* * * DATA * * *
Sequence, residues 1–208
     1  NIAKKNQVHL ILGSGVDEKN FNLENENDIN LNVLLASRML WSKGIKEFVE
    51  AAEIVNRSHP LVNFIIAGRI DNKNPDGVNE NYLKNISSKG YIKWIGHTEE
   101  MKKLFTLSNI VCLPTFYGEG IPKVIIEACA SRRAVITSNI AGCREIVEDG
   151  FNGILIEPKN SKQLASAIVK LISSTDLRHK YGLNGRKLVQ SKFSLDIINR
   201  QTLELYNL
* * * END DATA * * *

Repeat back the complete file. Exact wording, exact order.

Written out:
Sequence, residues 1–208
     1  NIAKKNQVHL ILGSGVDEKN FNLENENDIN LNVLLASRML WSKGIKEFVE
    51  AAEIVNRSHP LVNFIIAGRI DNKNPDGVNE NYLKNISSKG YIKWIGHTEE
   101  MKKLFTLSNI VCLPTFYGEG IPKVIIEACA SRRAVITSNI AGCREIVEDG
   151  FNGILIEPKN SKQLASAIVK LISSTDLRHK YGLNGRKLVQ SKFSLDIINR
   201  QTLELYNL